For those of you who don’t know, I grew up as a dancer. Hair, makeup, lights, performance; it’s basically in my blood. I’ve grown up in the spotlight (even if I wasn’t in the spotlight), so over the 20 years I’ve been alive (almost 21!), I’ve definitely developed some tricks as to how I get over my fear of judgement and boost my self-confidence.
I hear it a lot from my friends; “How do you do that?”. “What?”, I ask them. “You know, be so cool and confident and collected when all of these people are starting at you.” (I’m definitely embellishing on the compliments, but this is how it sounds in my head).
For a 20-year-old woman, I’d call myself pretty mature. I’ve done some things that a lot of my friends haven’t done. I get waxed, I’ve gone on stage in a bra and shorts, and danced some (a word my mom uses quite freely) raunchy numbers. I’m very comfortable around strangers (in the least slutty way possible) because I know that they don’t care about what I look like, or at least that’s what I tell myself.
I’ve been following my friend Leah Sebben (all of her info linked below) for a while now since she started her photography company. She had done one boudoir shoot prior to this one and I was so disappointed when I missed out.
So, when Leah asked me to come and do this shoot with her, I had not one hesitation before I emailed her back asking for all of the details. I put it in my bullet journal and didn’t give it much more thought. I started telling my friends slowly (I’ll elaborate on this more in a minute), thought about going to the gym more, but didn’t, and I thought about eating “better” but also didn’t. I just lived my life as my excitement grew.
A week before the shoot, I started to think about it more. I planned out my outfits, showered and shaved basically every day, just to be ready, and I started to load on the tan (personal preference, again, I’ll elaborate). Day of, I drove to the location and shot some hot as crap pictures (but for the internet I’ll keep it PG). I loved every second of it. I felt beautiful, sexy, and like it was all about me – just like a boudoir photoshoot should make you feel. Leah and I kept talking about my relationship and how excited my boyfriend should be to see all of these photos. But until then, he hadn’t even crossed my mind (still love you)! I was doing this for myself. I didn’t give a flying crap about what he thought. If he’s really my boyfriend (which he is), he’s going to love the photos no matter what, whether it’s me with a full snow suit on or just a bra.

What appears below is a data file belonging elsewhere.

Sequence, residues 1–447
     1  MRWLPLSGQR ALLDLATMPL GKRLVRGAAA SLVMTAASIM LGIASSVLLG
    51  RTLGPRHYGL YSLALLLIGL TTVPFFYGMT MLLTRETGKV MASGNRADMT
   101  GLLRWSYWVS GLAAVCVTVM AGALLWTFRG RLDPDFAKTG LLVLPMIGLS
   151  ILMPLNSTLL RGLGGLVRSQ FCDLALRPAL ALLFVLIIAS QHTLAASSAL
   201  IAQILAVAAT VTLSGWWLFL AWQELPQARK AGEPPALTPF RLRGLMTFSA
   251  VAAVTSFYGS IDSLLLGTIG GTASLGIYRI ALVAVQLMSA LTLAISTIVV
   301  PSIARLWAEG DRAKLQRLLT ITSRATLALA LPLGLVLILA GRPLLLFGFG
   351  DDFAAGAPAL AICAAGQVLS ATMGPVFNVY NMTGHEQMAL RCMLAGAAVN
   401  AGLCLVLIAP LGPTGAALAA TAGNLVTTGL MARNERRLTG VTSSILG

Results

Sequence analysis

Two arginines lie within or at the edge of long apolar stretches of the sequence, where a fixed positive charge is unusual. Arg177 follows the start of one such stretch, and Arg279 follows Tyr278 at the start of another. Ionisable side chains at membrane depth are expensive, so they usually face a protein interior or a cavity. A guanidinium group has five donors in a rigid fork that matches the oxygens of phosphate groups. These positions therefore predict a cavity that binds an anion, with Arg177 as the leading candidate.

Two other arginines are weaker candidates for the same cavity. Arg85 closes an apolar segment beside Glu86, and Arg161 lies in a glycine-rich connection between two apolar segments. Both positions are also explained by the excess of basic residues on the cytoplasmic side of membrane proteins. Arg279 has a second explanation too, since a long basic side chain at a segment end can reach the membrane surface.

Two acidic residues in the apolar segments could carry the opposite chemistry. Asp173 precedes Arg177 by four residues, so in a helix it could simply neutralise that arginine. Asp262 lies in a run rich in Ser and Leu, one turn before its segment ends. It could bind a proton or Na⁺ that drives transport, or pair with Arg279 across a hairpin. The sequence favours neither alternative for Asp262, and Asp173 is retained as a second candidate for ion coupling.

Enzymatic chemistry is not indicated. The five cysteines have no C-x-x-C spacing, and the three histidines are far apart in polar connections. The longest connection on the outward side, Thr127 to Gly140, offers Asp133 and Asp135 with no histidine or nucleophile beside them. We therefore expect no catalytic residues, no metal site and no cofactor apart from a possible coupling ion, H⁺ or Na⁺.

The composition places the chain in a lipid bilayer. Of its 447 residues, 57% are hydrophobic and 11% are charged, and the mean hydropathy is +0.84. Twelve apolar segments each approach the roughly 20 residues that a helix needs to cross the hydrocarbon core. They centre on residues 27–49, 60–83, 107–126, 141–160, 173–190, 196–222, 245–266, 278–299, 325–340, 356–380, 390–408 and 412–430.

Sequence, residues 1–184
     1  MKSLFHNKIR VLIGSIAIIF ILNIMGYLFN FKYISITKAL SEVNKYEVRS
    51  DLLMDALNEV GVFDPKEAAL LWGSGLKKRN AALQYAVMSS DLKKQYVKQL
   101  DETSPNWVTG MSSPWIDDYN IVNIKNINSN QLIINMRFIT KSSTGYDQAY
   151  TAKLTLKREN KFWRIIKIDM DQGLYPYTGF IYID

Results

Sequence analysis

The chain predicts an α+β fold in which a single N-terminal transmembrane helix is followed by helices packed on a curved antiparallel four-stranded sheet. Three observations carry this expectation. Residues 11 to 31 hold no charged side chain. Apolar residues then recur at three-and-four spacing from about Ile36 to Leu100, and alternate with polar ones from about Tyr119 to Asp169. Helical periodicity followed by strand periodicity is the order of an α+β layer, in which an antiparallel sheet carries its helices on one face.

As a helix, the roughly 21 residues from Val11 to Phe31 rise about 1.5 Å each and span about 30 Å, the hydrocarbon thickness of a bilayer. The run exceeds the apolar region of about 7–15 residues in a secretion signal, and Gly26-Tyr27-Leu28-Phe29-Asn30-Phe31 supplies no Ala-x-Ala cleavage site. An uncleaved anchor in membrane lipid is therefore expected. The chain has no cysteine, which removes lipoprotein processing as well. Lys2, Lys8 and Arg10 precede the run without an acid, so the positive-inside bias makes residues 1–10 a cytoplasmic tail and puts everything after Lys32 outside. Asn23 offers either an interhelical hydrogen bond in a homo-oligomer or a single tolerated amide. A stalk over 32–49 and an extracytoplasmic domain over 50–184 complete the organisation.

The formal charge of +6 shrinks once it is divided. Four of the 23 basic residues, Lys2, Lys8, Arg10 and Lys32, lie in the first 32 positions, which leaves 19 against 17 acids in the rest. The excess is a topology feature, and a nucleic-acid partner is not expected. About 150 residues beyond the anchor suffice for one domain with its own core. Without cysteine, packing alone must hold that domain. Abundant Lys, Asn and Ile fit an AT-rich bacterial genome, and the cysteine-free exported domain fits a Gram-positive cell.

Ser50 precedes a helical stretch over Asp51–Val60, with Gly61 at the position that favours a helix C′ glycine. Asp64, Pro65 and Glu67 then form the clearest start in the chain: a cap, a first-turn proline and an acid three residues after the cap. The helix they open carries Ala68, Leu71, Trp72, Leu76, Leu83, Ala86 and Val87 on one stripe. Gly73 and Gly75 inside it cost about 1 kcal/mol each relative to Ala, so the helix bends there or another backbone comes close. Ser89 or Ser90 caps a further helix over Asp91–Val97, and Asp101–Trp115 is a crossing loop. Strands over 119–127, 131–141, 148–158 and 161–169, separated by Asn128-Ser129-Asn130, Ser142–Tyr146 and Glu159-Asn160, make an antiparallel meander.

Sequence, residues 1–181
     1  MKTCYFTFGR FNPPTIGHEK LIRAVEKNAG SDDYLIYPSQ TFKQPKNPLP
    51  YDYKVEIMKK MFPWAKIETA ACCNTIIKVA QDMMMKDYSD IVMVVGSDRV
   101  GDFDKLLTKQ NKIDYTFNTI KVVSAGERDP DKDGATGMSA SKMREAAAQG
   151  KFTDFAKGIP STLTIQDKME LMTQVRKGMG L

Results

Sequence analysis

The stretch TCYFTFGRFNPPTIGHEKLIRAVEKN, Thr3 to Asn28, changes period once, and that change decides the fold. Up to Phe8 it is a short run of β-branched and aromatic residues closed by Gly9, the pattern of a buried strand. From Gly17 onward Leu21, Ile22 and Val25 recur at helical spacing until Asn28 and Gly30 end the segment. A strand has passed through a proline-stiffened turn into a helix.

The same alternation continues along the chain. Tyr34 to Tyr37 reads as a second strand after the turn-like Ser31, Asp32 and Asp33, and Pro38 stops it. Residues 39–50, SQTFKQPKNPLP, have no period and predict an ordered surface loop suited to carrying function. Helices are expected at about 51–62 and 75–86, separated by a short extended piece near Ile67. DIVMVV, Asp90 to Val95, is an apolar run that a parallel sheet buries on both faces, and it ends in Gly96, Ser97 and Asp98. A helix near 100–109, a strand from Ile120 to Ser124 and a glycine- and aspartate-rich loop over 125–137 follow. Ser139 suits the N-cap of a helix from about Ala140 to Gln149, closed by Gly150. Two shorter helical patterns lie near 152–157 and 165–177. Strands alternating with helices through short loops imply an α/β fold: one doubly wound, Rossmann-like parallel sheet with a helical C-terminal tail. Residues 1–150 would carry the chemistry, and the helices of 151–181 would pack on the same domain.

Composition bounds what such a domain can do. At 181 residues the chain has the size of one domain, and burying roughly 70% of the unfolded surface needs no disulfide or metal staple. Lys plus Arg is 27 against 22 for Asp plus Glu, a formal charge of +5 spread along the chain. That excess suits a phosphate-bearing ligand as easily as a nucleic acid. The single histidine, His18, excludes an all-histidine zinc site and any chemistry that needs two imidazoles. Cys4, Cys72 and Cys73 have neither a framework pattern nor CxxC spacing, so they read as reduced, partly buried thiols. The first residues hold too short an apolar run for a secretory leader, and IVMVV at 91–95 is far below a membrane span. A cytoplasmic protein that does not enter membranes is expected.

SO: with all of this said, I want to share with you a few things that I do or think about to help calm myself down and to feel fabulous before anything that you feel you need a confidence boost with.
1. Wear something that you feel comfortable in
This can be leggings and a tee, a bra and panties, a bathing suit, a robe, or your favourite sweats. Something that you feel comfortable moving around in and also something that you can breathe in. Don’t stuff yourself into your favourite pair of jeans if they give you a muffin top even though they make your butt look good. Don’t buy something new just for this event because you think you need it. I promise you that something you have in your closet is enough. This will help you feel more comfortable in your clothes, especially if you pose in something you know you’ll wear again. I highly doubt you’re going to wear this piece of lingerie (unless you are, which in that case: you go girlfriend) under your clothes every day, or every single time you’re intimate. Keep it simple, comfortable, casual, and sexy.
2. Practice posing at home and take photos of yourself
Get used to moving your body through some unique poses. Look at how your head and neck are moving, what angles give you a double chin, and angles that you can use as a go to. Practice making faces at yourself in the mirror. Set up your phone on timer or video mode to see what your poses translate to look like. Get comfortable so that day of, there’s less to get used to.
3. Don’t do the actual shoot in front of a mirror